Are we heading towards a rise of repression in the country? Observers seem to be concerned with this issue at a moment when the country is facing serious economic set back with the end of the sugar protocol and rising prices of basic commodities. Reporters Sans Frontieres reminds us that the last time journalists were arrested in Mauritius dates as far back as thirteen years ago. The Mauritian Premier announced some time ago his intention to bring more stringent laws against defamation and diffusion of unfounded news. What else can be done when the media hurts?

Labor and industrial relations reforms to be reconsidered

Government in Mauritius has decided that the Employment Relations Bill and the Employee Rights Bill be referred to a high powered committee. This follows unfavorable remarks from the International Labor Office (ILO) which has noted a number of loopholes in the proposed bills.

The trade unions seem to have it, although the Government had made it clear that it had already sought ILO advice on the issue. They were right in raising concerns at all levels, especially the International Labor Office, on the proposed law reforms to govern labor and industrial relations, which according to them go against employee and trade union rights.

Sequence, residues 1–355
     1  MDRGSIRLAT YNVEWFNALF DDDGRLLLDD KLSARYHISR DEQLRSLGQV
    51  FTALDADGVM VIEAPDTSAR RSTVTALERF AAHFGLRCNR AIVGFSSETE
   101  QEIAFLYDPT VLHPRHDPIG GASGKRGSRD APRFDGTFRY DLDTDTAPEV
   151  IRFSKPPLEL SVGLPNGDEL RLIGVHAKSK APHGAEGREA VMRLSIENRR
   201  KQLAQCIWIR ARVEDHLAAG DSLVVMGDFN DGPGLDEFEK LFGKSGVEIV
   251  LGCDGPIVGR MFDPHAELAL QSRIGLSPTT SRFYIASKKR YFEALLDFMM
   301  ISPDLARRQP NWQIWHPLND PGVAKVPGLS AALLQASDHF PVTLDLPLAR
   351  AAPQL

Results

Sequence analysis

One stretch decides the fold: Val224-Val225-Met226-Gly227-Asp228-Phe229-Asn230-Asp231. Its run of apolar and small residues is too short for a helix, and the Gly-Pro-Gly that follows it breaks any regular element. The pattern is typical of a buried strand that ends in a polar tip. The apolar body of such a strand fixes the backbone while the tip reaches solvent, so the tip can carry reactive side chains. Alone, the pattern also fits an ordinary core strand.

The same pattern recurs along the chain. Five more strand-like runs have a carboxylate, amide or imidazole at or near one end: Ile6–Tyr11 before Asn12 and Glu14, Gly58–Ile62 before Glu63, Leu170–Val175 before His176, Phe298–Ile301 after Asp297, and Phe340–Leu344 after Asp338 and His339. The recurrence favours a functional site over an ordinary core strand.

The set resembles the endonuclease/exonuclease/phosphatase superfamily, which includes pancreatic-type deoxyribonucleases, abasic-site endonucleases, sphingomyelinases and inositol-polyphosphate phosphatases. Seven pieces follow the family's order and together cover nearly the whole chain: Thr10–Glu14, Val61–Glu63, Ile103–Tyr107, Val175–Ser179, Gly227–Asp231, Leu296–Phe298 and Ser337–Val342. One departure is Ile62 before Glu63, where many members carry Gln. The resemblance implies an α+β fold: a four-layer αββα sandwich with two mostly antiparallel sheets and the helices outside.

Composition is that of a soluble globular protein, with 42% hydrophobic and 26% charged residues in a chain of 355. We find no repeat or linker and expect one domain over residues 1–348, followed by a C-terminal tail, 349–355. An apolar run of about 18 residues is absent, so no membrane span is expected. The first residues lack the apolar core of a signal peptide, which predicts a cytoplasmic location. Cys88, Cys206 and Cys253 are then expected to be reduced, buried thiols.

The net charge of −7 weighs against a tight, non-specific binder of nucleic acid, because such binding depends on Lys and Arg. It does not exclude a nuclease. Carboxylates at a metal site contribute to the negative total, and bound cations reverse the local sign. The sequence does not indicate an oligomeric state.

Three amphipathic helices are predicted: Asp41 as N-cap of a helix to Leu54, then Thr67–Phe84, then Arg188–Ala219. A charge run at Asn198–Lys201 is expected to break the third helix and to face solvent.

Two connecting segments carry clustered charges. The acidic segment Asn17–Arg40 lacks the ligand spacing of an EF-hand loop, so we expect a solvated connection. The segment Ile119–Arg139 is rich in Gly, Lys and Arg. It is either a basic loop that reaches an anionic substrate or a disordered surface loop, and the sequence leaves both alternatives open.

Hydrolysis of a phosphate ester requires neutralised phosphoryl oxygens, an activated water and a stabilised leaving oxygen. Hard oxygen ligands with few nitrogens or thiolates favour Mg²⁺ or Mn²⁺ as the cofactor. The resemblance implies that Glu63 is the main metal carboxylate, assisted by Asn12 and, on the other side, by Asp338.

The ILO has just submitted its views after careful scrutiny: quite critical. “The ILO strongly believes that the final say on the appreciation of soundness, fairness and workability of a piece of legislation should belong to the users themselves, not to legal analysts…” Several clauses have been found to be in contradiction with ratified conventions.

The ILO has been particularly critical on clauses regarding the right to strike, collective bargaining, the right to organize and freedom of association and entitlement to maternity leave and compensation issues, which flout Conventions No 87, 98 and 183.

The ILO has detected the virtual prohibition of the right to strike by what may be called a tedious system and “would therefore raise problems with regard to both Article 3 of Convention No 87 and Article 4 of Convention No 98”. Compulsory arbitration is workable only if both parties are agreeable to it, notes the ILO.

The proposal restricting membership to a union only to those having worked for 18 months is in flagrant contradiction with Article 2 of Convention No 87 which provides that “workers without distinction whatsoever should have the right to establish and join organizations.”

The proposed law reforms have been criticized also for their so-called discriminatory provisions with regard to female workers. For instance there’s no provision for “a period of compulsory postnatal leave of at least six weeks”, which goes against the spirit of Convention 183.